Actaea (moon) Moon of 120347 Salacia

    Actaea, officially (120347)Salacia I Actaea, is a natural satellite of the classical Kuiper belt planetoid 120347 Salacia. Its diameter is estimated 300 km (190 mi), which is approximately one-third the diameter of Salacia; thus, Salacia and Actaea are viewed by some astronomers to be a binary system. Assuming that the following size estimates are correct, Actaea is about the sixth-biggest known moon of a trans-Neptunian object, after Charon (1212 km), Dysnomia (700 km), Vanth (443 km), Ilmarë (326 km) and Hiʻiaka (320 km), but possibly also Hiisi.

    Ilmarë Moon of 174567 Varda

    Ilmarë, or Varda I, full designation 174567 Varda I Ilmarë, is the single known natural satellite of the Kuiper Belt planetoid 174567 Varda. It was discovered by Keith Noll et al. in 2009, at a separation of about 0.12 arcsec, using discovery images taken by the Hubble Space Telescope on 26 April 2009, and reported in 2011. At approximately 326 km in diameter (about 45% that of its primary), it is the fourth or fifth-largest known moon of a trans-Neptunian object, after Pluto I Charon, Eris I Dysnomia, Orcus I Vanth and very possibly Haumea I Hiʻiaka. Assuming that Ilmarë has the same albedo and density as Varda, Ilmarë would constitute approximately 8.4% of the system mass, approximately 2.2×1019 kg.

    References

    1. 1 2 3 4 Daniel W. E. Green (22 February 2007). "IAUC 8812: Sats OF 2003 AZ_84, (50000), (55637),, (90482)". International Astronomical Union Circular. Retrieved 4 July 2011.
    2. 1 2 3 Wm. Robert Johnston (4 March 2007). "(90482) Orcus". Johnston's Archive. Archived from the original on 10 February 2009. Retrieved 26 March 2009.
    3. Grundy, W. M.; Noll, K. S.; Roe, H. G.; Buie, M. W.; Porter, S. B.; Parker, A. H.; Nesvorný, D.; Benecchi, S. D.; Stephens, D. C.; Trujillo, C. A. (2019). "Mutual Orbit Orientations of Transneptunian Binaries" (PDF). Icarus. doi:10.1016/j.icarus.2019.03.035. ISSN   0019-1035.
    4. 1 2 3 4 Sickafoose, A. A.; Bosh, A. S.; Levine, S. E.; Zuluaga, C. A.; Genade, A.; Schindler, K.; Lister, T. A.; Person, M. J. (February 2019). "A stellar occultation by Vanth, a satellite of (90482) Orcus". Icarus. 319: 657–668. arXiv: 1810.08977 . Bibcode:2019Icar..319..657S. doi:10.1016/j.icarus.2018.10.016.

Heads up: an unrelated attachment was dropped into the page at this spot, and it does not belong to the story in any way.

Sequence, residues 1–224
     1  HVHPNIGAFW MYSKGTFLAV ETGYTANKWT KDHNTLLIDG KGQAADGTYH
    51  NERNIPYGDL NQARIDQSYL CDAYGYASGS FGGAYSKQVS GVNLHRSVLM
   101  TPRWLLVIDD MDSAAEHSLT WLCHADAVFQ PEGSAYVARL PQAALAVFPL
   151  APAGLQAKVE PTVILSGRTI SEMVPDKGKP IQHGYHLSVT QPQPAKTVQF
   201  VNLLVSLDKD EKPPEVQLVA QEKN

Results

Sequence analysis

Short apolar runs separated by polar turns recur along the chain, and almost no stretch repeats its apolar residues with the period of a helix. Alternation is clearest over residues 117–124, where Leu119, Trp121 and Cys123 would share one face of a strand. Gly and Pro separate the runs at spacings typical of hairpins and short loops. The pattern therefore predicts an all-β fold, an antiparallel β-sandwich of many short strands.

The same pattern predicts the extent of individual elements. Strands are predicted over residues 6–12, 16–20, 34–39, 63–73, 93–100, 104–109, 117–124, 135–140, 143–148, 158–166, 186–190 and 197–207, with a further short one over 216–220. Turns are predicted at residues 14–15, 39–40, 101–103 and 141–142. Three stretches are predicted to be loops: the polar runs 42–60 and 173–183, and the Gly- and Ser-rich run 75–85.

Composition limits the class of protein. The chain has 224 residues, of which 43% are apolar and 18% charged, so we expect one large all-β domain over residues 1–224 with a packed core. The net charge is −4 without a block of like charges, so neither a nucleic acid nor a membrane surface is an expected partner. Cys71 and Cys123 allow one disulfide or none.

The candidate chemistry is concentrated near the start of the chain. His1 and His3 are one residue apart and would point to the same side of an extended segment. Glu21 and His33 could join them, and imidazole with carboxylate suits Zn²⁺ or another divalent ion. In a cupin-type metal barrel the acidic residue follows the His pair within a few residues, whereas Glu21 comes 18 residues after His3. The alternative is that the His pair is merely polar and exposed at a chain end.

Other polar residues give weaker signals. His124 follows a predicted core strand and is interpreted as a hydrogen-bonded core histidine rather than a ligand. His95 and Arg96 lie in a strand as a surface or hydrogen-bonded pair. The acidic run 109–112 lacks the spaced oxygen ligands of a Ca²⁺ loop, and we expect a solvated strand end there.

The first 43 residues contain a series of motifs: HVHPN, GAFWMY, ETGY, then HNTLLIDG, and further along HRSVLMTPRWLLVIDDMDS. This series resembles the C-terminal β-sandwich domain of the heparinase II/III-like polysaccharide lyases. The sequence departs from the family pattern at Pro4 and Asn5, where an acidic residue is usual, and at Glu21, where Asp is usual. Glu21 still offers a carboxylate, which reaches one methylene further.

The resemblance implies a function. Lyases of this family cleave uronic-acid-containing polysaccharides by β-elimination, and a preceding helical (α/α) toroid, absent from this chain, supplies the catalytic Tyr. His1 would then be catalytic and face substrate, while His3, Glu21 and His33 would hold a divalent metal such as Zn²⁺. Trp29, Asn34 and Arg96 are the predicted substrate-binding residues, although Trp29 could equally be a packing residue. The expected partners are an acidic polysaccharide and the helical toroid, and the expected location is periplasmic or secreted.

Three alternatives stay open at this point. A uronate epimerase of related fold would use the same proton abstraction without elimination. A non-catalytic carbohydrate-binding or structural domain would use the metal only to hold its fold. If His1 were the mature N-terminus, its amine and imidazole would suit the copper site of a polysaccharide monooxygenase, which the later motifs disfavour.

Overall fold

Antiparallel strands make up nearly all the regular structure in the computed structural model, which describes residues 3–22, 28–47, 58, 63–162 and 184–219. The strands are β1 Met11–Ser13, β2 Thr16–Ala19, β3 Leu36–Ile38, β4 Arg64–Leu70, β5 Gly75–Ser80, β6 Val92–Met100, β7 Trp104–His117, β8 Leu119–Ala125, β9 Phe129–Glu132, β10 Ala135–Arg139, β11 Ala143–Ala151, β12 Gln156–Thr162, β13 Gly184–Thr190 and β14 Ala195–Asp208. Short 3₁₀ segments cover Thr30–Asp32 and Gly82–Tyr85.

5. 1 2 3 Brown, Michael E.; Butler, Bryan J. (22 January 2018). "Medium-sized satellites of large Kuiper belt objects". The Astronomical Journal. 156 (4): 164. arXiv: 1801.07221 . doi:10.3847/1538-3881/aad9f2.
    6. 1 2 Ortiz, J. L.; Cikota, A.; Cikota, S.; Hestroffer, D.; Thirouin, A.; Morales, N.; Duffard, R.; Gil-Hutton, R.; Santos-Sanz, P.; De La Cueva, I. (2010). "A mid-term astrometric and photometric study of trans-Neptunian object (90482) Orcus". Astronomy & Astrophysics. 525: A31. arXiv: 1010.6187 . Bibcode:2011A&A...525A..31O. doi:10.1051/0004-6361/201015309.
    7. 1 2 3 4 5 Carry, B.; Hestroffer, D.; Demeo, F. E.; Thirouin, A.; Berthier, J.; Lacerda, P.; Sicardy, B.; Doressoundiram, A.; Dumas, C.; Farrelly, D.; Müller, T. G. (2011). "Integral-field spectroscopy of (90482) Orcus-Vanth". Astronomy & Astrophysics. 534: A115. arXiv: 1108.5963 . Bibcode:2011A&A...534A.115C. doi:10.1051/0004-6361/201117486.
    8. 1 2 3 4 5 6 7 Brown, M.E.; Ragozzine, D.; Stansberry, J.; Fraser, W.C. (2010). "The size, density, and formation of the Orcus-Vanth system in the Kuiper belt". The Astronomical Journal. 139 (6): 2700–2705. arXiv: 0910.4784 . Bibcode:2010AJ....139.2700B. doi:10.1088/0004-6256/139/6/2700.
    9. 1 2 3 4 Michael E. Brown (23 March 2009). "S/2005 (90482) 1 needs your help". Mike Brown's Planets (blog). Archived from the original on 28 March 2009. Retrieved 25 March 2009.
    10. 1 2 Michael E. Brown (6 April 2009). "Orcus Porcus". Mike Brown's Planets (blog). Archived from the original on 14 April 2009. Retrieved 6 April 2009.
    11. "Committee on Small Body Nomenclature: Names of Minor Planets" . Retrieved 8 April 2009.
    12. "The MINOR PLANET CIRCULARS/MINOR PLANETS AND COMETS" (PDF). Minorplanetcenter.org. 30 March 2010. Retrieved 12 October 2017.
    13. "Minor planet circular" (PDF). minorplanetcenter.org. 2010. Retrieved 8 August 2010.
    14. Kiss, C.; Marton, G.; Parker, A.; Grundy, W.; Farkas-Takács, A. I.; Stansberry, J.; Pal, A.; Müller, T. G.; Noll, K.; Schwamb, M. E.; Barr Mlinar, A. C.; Young, L. A.; Vinkó, J. (24 October 2018). The mass and density of the dwarf planet 2007 OR10. 50th annual meeting of the AAS Division of Planetary Sciences. abstract 311.02. Retrieved 21 September 2018.